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I've been taking every opportunity to get out on my bike these past couple of weeks, while I wait for it to get a tad bit warmer and drier to get out on the rock. While lots of folks have been out there climbing on the rock already, I do admit that I prefer it to be just a tad warmer. So last night I decided that I would take this one more opportunity get out and climb some ice down here in the lower elevations before it's all gone. I do plan on getting up into the ravine one or even twice more, but as you will see in the Ice Report below, most things are pretty much done-for down here.
Anywho... While I've guided Willie's several times this season, there is always something special about running up it all alone. One a nice day the views up, across and down the valley are spectacular. Today was a little cloudy and the temperature was around 40 at 10AM when I started up the trail. One thing about well used trails at this time of year is that they can be icy, and the Willies trail was no different. Due to forgetting my micro-spikes and not wanting to put on my regular crampons, I had to go off in the woods a bit several times to keep from slipping. The snow was still pretty compacted and others had done the same, so it was no problem.
There had been another car parked at the trailhead with Quebec plates and I figured it was the couple who had posted some questions about conditions on NEClimbs. When I got to the tracks I could see a climber about halfway up. I managed the entire hike in a little over 20 minutes, much better than the time it takes me with partners. Of course having my iPod on with some classic Led Zeppelin & Hendrix certainly helps keep the focus & energy up. [grin] The only things I'd brought were crampons, water, bars & tools. I dumped the pack at the base, put on my crampons & took off. The ice was plastic and wonderful. The other party was on the left so I took the line straight up the middle. The ice was fat and blue. While I could certainly hear water running I never punched through or it into a hydraulic at any time. It was sweet!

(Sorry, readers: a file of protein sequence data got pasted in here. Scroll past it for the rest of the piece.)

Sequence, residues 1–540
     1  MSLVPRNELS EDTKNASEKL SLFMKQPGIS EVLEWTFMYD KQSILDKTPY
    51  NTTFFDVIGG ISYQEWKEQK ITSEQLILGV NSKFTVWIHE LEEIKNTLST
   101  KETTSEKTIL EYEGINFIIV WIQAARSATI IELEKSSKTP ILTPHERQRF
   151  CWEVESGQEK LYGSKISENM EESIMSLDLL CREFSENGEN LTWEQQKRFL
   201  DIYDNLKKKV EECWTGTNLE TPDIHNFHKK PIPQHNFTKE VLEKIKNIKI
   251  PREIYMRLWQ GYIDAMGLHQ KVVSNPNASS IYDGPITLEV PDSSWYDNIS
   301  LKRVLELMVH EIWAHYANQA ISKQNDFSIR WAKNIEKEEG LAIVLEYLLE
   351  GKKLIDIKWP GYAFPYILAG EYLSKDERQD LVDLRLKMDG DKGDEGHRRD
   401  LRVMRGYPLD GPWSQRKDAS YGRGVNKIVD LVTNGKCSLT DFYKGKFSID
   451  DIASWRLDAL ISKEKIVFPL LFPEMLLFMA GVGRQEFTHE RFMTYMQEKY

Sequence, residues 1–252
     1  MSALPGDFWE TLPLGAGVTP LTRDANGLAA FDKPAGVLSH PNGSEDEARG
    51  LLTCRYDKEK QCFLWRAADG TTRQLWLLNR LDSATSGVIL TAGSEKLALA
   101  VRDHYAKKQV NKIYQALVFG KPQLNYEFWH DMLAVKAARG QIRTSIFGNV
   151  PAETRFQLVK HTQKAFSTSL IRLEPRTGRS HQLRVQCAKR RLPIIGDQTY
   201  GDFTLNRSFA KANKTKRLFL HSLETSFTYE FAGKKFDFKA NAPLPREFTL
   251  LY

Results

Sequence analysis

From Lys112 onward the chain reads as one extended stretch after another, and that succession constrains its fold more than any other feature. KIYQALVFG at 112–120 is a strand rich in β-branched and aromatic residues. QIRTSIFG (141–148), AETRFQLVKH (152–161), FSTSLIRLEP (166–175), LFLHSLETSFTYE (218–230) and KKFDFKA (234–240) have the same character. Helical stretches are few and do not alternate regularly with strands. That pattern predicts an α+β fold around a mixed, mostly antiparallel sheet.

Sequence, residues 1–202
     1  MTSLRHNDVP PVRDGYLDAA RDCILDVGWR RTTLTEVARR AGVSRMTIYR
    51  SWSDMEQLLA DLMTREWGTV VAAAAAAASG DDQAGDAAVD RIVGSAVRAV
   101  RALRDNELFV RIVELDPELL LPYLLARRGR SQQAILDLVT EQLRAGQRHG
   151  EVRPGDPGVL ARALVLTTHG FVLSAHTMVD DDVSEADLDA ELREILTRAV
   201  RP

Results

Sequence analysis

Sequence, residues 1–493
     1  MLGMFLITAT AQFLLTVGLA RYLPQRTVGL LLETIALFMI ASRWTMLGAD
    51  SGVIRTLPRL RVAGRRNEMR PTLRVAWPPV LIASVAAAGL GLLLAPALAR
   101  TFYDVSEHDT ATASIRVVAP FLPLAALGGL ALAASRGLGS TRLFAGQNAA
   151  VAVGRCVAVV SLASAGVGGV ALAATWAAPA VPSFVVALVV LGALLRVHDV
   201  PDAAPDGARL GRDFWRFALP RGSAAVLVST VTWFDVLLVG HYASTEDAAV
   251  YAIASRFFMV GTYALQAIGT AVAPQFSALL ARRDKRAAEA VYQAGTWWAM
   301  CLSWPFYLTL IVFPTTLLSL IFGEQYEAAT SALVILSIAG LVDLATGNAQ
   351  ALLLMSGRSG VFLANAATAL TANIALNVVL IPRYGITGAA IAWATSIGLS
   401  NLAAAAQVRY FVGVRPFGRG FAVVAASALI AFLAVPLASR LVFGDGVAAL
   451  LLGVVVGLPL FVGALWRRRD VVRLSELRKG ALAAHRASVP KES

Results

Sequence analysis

When you don't have to put in gear, belay or talk with anyone it's surprising how fast you can move. In 15 minutes I was about even with the other party. I said hi, and it was in fact the folks who had asked questions on the forum. It's always nice to make a new acquaintance.
Altho it had been quite sunny when I started, the clouds were gathering in the South. The weather predictions are for rain in the afternoon and it has that look about it.
When I am climbing alpine stuff I admit to always being a little nervous standing up and walking around on the 20-30 degree snow covered ice. I think it's got something to do with the transition from climbing to walking. Maybe it's similar to the difficulty many folks have moving back & forth between aid and free climbing. And it's especially entertaining unroped. Regardless I forced myself to stand up and walk on all the moderate and low angle sections. It was a neat exercise and after a couple I felt perfectly comfortable.